It’s definitely not a step-by-step plan to lead that authentic life. It’s more a process of osmosis-—just sinking into the stories and wisdom he gifts us with and letting them percolate in your soul until they are ready to rise to the surface of your life.

A sentence I love:

That each time we take the exquisite risk toward being whole, toward living in the open, toward recognizing and affirming that we are, at heart, each other, we put the world back together.

“The Lifeboat” a novel by Charlotte Rogan

Today I shocked the lawyers, and it surprised me, the effect I could have on them.

It is 1914 and Grace has married Henry Winter, unbeknownst to his parents. On their way back to America from London on an ocean liner, the ship suffers an explosion and passengers and crew are forced into lifeboats. Henry arranges for Grace to get in a lifeboat without him. We learn of Grace’s experience in that lifeboat with over thirty others as well as how she met Henry. Not only do they face the relentless sea, they must deal with dwindling resources, leaks and choices that people should never be forced to make.

It’s an unforgettable story of perseverance as well as the pettiness and strength of being human in extraordinary circumstances.

A sentence I love: 

Unable to restrain my laughter, which kept lapping at my insides and bursting out of me like gigantic waves, I was not allowed to accompany the lawyers into the dining room, but had to have my meal brought to me in the cloakroom, where a wary clerk perched vigilantly on a stool in the corner as I pecked at my sandwich. 

“Milk and Honey” by Rupi Kauer

I basically inhaled these words in one sitting, letting the language and images and power of them just wash over and through me. I definitely need to read it again. Maybe many times. I love the structure of the book, how it is broken up into parts: the hurting, the loving, the breaking, the healing. I want to use each one as a jumping off point for my own writing. Then I love how each page is structured with so much white space so that the words and the story behind them have room to breathe. Words sometimes combined with simple line drawings. The words, the drawings and the white space all work together to give a certain urgency yet create an urge to pause and savor what we are reading, what we are seeing, what we are feeling.

A sentence I love: 

the first boy that kissed me

held my shoulders down

like the handlebars of

the first bicycle

he ever rode

i was five

“The Most Dangerous Place on Earth”  a novel by Lindsey Lee Johnson

Cally Broderick lingered in the doorway of the resource office, waiting to be noticed.

“Waiting to be noticed” is basically the calling card of every human on earth, but particularly for high school students. Johnson takes us deep into the social strata of of a wealthy northern San Francisco high school, where a middle school tragedy haunts the students as they struggle to live up to expectations from teachers, parents, peers and themselves. The inside jacket says it is told in a “kaleidoscopic narrative” which describes it exactly. We see the story from different dizzying perspectives that join in various designs to reveal new slices of the story. It’s a brilliant structure that taught me a lot about structuring a novel and finding the right voice(s). I am impressed that she was able to take a teenage drama and create such a dynamic story that kept this adult turning the pages.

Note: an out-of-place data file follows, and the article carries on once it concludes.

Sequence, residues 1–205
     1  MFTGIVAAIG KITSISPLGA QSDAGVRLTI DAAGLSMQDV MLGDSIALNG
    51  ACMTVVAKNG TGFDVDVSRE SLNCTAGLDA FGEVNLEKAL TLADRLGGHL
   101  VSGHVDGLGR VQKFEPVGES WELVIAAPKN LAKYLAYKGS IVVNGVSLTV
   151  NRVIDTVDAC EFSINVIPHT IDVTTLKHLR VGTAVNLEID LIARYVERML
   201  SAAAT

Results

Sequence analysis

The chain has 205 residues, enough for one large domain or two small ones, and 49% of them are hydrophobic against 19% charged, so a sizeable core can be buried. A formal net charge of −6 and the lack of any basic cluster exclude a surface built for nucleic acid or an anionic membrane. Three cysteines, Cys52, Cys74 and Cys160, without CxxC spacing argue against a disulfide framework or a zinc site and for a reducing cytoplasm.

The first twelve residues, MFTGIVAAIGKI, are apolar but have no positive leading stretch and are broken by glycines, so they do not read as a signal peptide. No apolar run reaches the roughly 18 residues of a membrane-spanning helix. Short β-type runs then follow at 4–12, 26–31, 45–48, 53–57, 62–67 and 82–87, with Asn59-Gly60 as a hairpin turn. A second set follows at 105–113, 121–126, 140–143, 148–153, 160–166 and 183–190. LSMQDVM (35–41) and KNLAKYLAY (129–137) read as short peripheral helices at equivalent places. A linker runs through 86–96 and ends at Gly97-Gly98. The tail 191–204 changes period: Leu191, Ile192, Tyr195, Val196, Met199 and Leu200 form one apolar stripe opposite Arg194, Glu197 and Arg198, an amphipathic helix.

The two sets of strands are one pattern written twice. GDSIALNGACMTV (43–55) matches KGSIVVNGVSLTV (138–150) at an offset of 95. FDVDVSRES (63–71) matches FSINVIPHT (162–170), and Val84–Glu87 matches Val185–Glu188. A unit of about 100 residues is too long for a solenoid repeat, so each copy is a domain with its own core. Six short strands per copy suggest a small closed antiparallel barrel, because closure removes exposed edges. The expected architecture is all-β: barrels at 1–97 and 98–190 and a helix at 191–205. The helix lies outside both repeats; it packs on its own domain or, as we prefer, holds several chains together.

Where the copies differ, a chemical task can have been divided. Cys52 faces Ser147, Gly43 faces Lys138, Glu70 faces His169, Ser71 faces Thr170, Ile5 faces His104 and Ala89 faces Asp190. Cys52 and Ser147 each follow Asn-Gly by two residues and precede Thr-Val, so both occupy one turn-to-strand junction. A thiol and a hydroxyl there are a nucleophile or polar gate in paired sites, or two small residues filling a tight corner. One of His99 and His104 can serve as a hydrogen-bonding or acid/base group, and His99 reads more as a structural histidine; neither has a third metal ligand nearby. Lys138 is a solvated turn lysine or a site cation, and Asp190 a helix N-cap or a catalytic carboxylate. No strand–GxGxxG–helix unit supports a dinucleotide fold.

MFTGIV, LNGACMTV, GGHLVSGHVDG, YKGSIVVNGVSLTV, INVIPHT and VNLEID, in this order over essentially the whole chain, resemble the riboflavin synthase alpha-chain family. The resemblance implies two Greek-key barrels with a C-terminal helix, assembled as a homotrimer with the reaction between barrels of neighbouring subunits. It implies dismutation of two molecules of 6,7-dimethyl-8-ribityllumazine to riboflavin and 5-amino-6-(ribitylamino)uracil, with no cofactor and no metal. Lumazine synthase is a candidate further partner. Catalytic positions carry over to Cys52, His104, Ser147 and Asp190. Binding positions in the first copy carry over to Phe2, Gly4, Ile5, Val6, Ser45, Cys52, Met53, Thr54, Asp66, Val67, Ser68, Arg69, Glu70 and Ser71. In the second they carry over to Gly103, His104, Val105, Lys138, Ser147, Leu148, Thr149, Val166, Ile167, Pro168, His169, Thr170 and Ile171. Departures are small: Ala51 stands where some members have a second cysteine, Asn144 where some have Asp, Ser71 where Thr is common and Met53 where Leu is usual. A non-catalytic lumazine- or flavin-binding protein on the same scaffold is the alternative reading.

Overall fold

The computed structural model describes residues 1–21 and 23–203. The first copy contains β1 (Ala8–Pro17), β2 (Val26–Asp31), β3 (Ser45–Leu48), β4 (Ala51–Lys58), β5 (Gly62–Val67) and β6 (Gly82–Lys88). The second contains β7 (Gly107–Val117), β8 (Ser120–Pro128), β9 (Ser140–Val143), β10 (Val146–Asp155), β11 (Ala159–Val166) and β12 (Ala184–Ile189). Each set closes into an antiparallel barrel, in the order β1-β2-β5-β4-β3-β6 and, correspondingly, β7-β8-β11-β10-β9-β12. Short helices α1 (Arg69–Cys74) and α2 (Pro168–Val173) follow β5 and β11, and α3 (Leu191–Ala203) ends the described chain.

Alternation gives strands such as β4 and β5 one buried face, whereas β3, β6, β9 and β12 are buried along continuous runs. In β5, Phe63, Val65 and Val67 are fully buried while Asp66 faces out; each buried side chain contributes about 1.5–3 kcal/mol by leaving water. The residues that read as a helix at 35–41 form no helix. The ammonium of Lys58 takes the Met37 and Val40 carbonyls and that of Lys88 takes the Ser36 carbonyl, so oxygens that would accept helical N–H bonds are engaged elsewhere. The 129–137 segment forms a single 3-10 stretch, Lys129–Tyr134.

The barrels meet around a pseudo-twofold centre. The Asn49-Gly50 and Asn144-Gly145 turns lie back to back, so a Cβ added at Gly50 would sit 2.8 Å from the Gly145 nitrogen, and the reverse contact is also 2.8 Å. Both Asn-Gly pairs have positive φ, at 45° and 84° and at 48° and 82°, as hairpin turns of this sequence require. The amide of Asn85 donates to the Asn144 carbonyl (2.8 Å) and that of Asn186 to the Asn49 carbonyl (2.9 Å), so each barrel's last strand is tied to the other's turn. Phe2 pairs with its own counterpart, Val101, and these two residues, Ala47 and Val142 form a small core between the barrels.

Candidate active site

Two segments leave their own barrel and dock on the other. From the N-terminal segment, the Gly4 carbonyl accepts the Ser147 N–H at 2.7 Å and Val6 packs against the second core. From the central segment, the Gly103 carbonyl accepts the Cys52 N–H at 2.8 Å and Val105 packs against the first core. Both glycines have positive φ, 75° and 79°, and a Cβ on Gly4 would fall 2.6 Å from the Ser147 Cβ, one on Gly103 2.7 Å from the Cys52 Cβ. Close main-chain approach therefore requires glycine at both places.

A sentence I love:

Maybe Calista’s mind—maybe Molly’s own—was like this. An immense space, at once apart from the world and embedded within it, a secret place that was strange and dark and vast enough to make its own weather. 

“Ill Will” novel by Dan Chaon

Sometime in the first days of November the body of the young man who had disappeared sank to the bottom of the river.

I read everything Chaon writes from his stories to his novels. This latest one feels different. Not just the heft of the physical book (458 pages) but the psychological heft of it as well. Dustin Hillman is a psychologist in a Cleveland suburb. His wife died, older son is away at college and the younger one is home but drifting away from him. Or is he drifting away from his son? Dustin has a lot on his plate. Still processing his wife’s death, he gets the news that his adopted brother is being released from prison after serving 30 years for the massacre of Dustin’s parents. aunt and uncle. The case came to epitomize the  hysteria over Satanic cults that the the 1980’s spawned. On top of that, one of his patients has lured Dustin into a conspiracy theory involving the deaths of numerous drunk college boys in the area.

Chaon does an amazing job of weaving all of these threads together into a suspenseful thriller that kept me turning the pages. It is a master class in the power of using an unreliable narrator that explores all the ways memory fails us and we fail it, those around us and, most of all, ourselves. Brilliant.

A sentence I love:

But now,with my eyes opened in the dark, the clicks and hums of the house settling, the radiators stirring, the appliances doing their secret nighttime work, with my heart beating in an uncomfortable noticeable way, I couldn’t help but think: What if the dots are connected?

“Hourglass—Time, Memory, Marriage” by Dani Shapiro

From my office window I see my husband on the driveway below.

This is a beautiful, thoughtful and honest meditation on a marriage filtered through time and memory. Shapiro plays with time in a way that feels completely organic to the story, never manipulative or confusing. She explores the depths of her marriage, unafraid of exposing the cracks that inevitably arise out of a long term commitment. She is honest and the writing is beautiful. It feels like she is guiding you by hand as you both walk into the woods, unsure of what you will find but knowing what is there is better than not knowing. The trust she puts in the reader is only equaled by the trust I had in her to tell her story with a clarity that can only come from a commitment to seeing her marriage, her husband and herself as they really are. It is just stunning and I can’t wait to read it again in one glorious sitting so I can savor the entire arc of the story at one time.